Robert McHenry is Former Editor in Chief of the EncyclopÃ¦dia Britannica and the author of How to Know. He recently wrote an anti-ID essay entitled, We Are Living in a Material World…
He begins his essay as follows:
Intelligent Design "theory" — and I insist upon the shudder quotes — is not a theory at all, but a declaration of faith poorly disguised behind a mask of scientific-sounding justification. It has been hoisted into public consciousness and political debate on the shakiest of legs.
While I agree there is no ID theory (I pointed this out years ago), McHenry's characterization of ID has the intellectual depth of a clichÃ©. But there is one thing worth commenting on, as McHenry lets his cat out of the bag.
Second, and more important, a commitment to finding naturalistic or, if you must, materialistic, explanations for phenomena is the very essence of the intellectual project that is science. This is not the same as saying that science denies the existence of God, or gods, or supernatural forces of some sort. It is to say that they are not what science is about. Without the discipline of excluding supernatural explanation, which once admitted can be invoked at any time by anyone on any pretext, there could be no true science, and we might well still be contentedly believing that lightning bolts are thrown by Zeus. It is certainly easier to do that than to find out what really happens in a thunderstorm, and in a political regime that mandates theistic sentiments, it is also safer, as Socrates would attest.
Let this sink in: a commitment to finding naturalistic or, if you must, materialistic, explanations for phenomena is the very essence of the intellectual project that is science.
Now consider what this means. Let's assume we lived in a reality where it is obvious to all that the evidence clearly indicates the Earth is 6000 years old, that there was once a global flood, and that macroevolution is impossible. Let's further say that we find a big boat on top of a mountain in Turkey. While this massive amount of empirical evidence would seem to corroborate the Genesis account of the Bible, we could not, according to McHenry, argue that the Genesis account was supported by science. Because the Genesis account cites God as the cause for both Creation and the Flood, invoking God as the cause would be akin to invoking Zeus to explain thunderbolts. Instead, science would be obligated to find materialistic explanations for the 6000 year old Earth, the global flood, the origin of animals without evolution, and the existence of a boat on a mountain.
McHenry is saying that even if the Creationists could support their views with massive amounts of evidence, Science cannot make any judgment on the Creation account: "This is not the same as saying that science denies the existence of God, or gods, or supernatural forces of some sort. It is to say that they are not what science is about. "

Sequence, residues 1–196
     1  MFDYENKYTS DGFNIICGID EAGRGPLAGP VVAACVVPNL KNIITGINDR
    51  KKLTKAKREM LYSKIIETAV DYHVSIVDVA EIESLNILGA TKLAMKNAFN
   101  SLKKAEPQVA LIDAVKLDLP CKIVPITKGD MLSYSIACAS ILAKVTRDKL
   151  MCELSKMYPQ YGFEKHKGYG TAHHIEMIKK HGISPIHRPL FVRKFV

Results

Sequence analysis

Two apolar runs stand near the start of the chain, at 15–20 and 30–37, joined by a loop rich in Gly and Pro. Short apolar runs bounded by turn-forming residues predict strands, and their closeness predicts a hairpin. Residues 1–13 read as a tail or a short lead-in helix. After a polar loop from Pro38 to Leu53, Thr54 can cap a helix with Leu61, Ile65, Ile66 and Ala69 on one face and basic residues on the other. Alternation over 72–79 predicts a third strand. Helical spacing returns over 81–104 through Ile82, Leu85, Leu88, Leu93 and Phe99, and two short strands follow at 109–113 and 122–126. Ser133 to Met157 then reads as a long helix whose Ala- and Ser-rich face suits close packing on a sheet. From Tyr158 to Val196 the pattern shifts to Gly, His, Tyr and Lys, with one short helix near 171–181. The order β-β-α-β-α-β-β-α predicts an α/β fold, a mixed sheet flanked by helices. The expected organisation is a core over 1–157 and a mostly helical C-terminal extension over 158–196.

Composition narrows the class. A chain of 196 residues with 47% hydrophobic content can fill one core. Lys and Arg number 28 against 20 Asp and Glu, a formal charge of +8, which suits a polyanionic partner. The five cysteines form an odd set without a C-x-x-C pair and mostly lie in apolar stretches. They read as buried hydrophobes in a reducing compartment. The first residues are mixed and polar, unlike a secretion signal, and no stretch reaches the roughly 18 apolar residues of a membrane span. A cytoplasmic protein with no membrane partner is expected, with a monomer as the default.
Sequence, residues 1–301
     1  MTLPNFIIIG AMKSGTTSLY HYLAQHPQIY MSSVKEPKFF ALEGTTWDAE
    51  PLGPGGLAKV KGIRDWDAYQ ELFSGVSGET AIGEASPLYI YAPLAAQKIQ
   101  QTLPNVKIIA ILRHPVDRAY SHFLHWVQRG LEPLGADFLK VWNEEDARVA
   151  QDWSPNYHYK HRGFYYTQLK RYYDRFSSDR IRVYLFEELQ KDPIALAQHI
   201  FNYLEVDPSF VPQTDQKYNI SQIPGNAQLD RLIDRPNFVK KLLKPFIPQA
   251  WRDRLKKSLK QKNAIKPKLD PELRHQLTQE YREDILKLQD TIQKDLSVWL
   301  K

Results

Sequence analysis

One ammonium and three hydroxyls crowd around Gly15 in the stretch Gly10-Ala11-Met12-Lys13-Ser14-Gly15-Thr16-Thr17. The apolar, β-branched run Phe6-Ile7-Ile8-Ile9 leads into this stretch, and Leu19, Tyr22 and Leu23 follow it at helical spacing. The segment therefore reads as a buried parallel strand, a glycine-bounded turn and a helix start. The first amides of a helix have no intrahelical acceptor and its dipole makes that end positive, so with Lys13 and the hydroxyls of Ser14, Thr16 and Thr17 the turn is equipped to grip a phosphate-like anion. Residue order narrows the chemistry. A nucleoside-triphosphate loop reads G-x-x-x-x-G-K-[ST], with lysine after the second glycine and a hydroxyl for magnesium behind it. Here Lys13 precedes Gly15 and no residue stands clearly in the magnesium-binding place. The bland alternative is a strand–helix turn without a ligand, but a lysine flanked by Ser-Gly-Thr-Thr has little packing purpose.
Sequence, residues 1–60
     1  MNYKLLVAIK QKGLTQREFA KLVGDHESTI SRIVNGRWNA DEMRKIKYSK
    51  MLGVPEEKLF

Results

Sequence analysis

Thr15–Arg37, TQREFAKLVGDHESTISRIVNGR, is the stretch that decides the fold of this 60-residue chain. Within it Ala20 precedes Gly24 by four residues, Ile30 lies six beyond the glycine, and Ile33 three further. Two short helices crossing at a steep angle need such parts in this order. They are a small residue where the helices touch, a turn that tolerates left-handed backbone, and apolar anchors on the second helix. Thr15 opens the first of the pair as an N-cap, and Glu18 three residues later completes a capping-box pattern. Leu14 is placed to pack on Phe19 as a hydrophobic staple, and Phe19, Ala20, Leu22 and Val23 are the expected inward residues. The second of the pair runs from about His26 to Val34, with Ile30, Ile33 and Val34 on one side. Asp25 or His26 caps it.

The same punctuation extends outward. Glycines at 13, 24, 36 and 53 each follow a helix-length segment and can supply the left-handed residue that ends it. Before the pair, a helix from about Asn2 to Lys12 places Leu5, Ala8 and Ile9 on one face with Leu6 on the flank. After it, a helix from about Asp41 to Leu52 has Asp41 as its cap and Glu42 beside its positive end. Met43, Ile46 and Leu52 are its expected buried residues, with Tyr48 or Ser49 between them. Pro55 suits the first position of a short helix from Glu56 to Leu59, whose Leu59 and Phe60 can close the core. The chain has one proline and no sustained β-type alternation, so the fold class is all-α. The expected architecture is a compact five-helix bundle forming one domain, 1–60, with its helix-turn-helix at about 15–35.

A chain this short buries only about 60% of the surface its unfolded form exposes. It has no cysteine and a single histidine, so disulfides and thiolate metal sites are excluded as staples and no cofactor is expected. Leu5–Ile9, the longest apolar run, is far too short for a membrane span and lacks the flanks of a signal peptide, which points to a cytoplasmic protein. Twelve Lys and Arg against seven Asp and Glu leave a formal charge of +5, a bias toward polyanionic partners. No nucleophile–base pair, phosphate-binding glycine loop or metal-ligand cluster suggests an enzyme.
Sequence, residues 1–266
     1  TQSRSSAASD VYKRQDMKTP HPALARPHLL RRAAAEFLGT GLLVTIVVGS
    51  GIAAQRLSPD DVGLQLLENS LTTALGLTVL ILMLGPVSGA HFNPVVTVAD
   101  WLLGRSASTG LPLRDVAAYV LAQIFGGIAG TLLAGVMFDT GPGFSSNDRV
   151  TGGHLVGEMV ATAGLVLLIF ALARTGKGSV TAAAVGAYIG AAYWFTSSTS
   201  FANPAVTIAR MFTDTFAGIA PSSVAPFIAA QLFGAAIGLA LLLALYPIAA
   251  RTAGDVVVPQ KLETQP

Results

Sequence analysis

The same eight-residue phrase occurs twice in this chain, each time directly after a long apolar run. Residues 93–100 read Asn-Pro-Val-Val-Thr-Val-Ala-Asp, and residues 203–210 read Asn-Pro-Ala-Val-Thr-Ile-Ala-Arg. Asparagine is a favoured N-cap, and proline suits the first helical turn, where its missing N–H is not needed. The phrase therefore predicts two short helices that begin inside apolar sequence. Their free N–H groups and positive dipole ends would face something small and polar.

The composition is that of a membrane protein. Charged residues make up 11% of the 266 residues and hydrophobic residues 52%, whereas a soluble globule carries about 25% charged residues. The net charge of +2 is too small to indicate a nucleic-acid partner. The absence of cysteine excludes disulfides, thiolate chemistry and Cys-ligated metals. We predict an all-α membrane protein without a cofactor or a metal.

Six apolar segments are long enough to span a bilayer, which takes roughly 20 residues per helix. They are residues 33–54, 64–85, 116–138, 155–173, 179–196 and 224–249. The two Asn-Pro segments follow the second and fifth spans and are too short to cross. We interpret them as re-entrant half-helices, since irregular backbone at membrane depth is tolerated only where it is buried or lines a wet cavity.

Or is he? McHenry doesn't seem to be able to make up his mind. First, he defines ID as a declaration of faith and has made it clear that he is yet another critic who hears "God" when someone says ID:
ID partisans have trained themselves not to be too specific about the Designer, either, for they have learned the lesson left by the political failure of their predecessors, the Creation Scientists, namely, that too much frankness in the matter of Who the Intelligent Designer is does not pay. So, carefully avoiding anything that sounds like theology, while all the time the butter remains quite firm in their mouths, they simply aver that there is a Design and that it prima facie evidences Intelligence. "God? Oh, heavens, we're not talking about God. It might just be his next-door neighbor Wilson."
Since "ID = God" in the mind of McHenry, Science, according to McHenry, cannot possibly make any judgments about ID. On one hand, McHenry tells us, "This is not the same as saying that science denies the existence of God, or gods, or supernatural forces of some sort. It is to say that they are not what science is about," yet with his other hand, he tells us, "In sum, the literature of ID has been critically reviewed by competent authorities, as all claims to scientific validity must be, and found meritless." How can Science reach a "meritless" judgment when judging ID is not "what science is about?"
But the contradictory thinking gets worse. After defining ID as religion, and telling us science must ignore religious claims, McHenry suddenly turns around and postures as if the issue is now about "evidence":
"Follow the evidence," advises Mr. Akyol. Fair enough.
Fair enough? The intellectually consistent answer would have been, "The evidence is irrelevant. What is relevant is that ID is about the supernatural and science must seek out materialistic causes."
Finally, McHenry writes:
ID is not merely bad science; it is anti-science, and not just that but anti-clear thinking.
McHenry is thoroughly confused. First, ID cannot be science (because it is religion). Now it is bad science. But wait! It's also "anti-science." Non-science, bad science, and anti-science "“ all in one. What is so amusing is that someone with such muddled thinking can actually preach to others about being "anti-clear thinking." One wonders how McHenry defines "clear-thinking." Is it "“ think like McHenry does?
[HT to Paul Nelson for finding this essay.]